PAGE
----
“I want to direct an episode! I actually asked at the beginning of season three, at the same time as Michael did [Shanks went on to direct Double Jeopardy] and for whatever reason [mimes her lack of penis with her wiggling finger]…I can’t say that. I’d be so fired…! I’m sure that my lack of penis had nothing to do with it. For whatever reason, I wasn’t allowed to and that’s a source of frustration to me, to be honest. “
From AMANDA TAPPING: Tapping a Nerve Dreamwatch #93, May 02, reprinted with permission at SaveDanielJackson.com.
A few days ago, I wrote about the the percentage of women in Congress is higher than the percentage of women directors, and the impact that male-female ratio has on the creative visions expressed in film. It’s hard to imagine female directors facing more roadblocks than female politicians, so why aren’t there more female directors?
The above blockquote is from Amanda Tapping, a lead cast member of Stargate SG-1 for over eight years. She finally got to direct an episode at the end of Season 7 (airing in 2004), more than four years after she made the initial request. According to Tapping, her co-star Michael Shanks requested to direct at the same time she did. He got to direct an episode at the end of Season 4 (airing in 2001). The question Tapping seems to be raising is why it took her request three more years to be granted. Before you accept that it was her “lack of a penis”, there are a few issues to consider.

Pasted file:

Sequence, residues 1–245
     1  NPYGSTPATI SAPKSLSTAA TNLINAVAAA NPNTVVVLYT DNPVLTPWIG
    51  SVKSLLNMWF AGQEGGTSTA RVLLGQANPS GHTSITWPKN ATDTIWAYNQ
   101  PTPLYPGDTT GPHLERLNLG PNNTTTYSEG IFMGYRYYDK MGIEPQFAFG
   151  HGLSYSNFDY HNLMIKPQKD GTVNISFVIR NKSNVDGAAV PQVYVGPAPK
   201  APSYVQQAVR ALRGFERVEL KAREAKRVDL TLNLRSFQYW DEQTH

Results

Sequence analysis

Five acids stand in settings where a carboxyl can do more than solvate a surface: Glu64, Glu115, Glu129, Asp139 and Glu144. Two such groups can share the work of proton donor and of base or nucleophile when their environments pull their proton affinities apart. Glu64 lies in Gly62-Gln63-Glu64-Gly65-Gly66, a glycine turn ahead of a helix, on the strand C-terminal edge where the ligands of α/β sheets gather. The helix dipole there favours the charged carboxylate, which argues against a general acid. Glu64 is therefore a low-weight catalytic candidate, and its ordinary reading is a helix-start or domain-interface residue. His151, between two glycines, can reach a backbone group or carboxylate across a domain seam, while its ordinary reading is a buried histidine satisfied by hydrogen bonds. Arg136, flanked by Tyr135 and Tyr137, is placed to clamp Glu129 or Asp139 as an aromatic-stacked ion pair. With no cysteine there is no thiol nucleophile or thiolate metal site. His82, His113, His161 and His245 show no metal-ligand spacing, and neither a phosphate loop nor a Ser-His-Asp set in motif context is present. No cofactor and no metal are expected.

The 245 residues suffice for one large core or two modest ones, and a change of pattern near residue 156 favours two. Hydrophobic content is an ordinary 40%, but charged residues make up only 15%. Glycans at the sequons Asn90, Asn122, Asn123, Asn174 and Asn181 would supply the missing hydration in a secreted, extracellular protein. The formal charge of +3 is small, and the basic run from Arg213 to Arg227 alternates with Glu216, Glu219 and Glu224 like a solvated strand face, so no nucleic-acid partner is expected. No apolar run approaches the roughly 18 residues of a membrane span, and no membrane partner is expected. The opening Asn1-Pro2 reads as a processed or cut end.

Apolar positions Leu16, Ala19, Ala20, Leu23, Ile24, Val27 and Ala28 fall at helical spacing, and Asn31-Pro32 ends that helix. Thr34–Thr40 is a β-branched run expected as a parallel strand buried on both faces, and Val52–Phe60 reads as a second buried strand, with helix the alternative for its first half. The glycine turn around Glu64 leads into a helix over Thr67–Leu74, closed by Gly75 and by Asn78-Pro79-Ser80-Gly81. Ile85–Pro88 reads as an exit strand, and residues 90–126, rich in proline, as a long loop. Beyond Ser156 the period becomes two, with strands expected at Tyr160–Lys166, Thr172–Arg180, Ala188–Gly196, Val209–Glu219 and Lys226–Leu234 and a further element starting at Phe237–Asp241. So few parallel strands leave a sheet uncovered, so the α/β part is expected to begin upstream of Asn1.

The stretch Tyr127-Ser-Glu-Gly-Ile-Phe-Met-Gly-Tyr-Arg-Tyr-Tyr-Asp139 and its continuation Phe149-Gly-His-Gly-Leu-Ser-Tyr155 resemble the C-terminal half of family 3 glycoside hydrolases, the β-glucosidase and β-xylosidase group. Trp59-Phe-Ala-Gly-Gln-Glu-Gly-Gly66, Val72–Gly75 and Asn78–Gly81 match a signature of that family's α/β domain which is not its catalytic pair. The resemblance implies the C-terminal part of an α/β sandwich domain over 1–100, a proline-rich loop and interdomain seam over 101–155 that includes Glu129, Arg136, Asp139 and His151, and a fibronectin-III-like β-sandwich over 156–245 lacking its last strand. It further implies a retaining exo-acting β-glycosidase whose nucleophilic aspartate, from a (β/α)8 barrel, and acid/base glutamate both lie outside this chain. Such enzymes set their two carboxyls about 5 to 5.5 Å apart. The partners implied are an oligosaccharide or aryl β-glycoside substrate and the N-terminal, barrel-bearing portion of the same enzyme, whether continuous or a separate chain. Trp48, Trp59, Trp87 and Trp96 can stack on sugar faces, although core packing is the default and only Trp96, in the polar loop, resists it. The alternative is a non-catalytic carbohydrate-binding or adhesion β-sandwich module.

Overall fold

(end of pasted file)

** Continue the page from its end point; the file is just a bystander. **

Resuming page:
Was there any reason for the producers to have more confidence in Shanks’ directing abilities? Neither actor had any directing experience that I’ve heard of, and definitely nothing that shows up on IMDB. Could it be that they only had two episodes in three years that were easy enough for new directors to handle? That doesn’t really wash, considering that the episode Shanks directed was pretty hardcore: lots of action sequences and one of the craziest duplication scenes I’ve ever witnessed, in which Richard Dean Anderson gets his duplicate in a headlock and both of them face the camera. Maybe Shanks had a better negotiating style? Very possibly, although even that bears some further scrutiny in the gender department. And last but not least, did Shanks make a big enough mess behind the scenes that they were reluctant ever to let any newbie director near an episode again? It’s entirely possible, although I can’t help but take into account it was a particularly challenging episode. And generally, when actors or writers get to direct, the rest of the crew fills in the gaps for them, to make sure it all turns out well.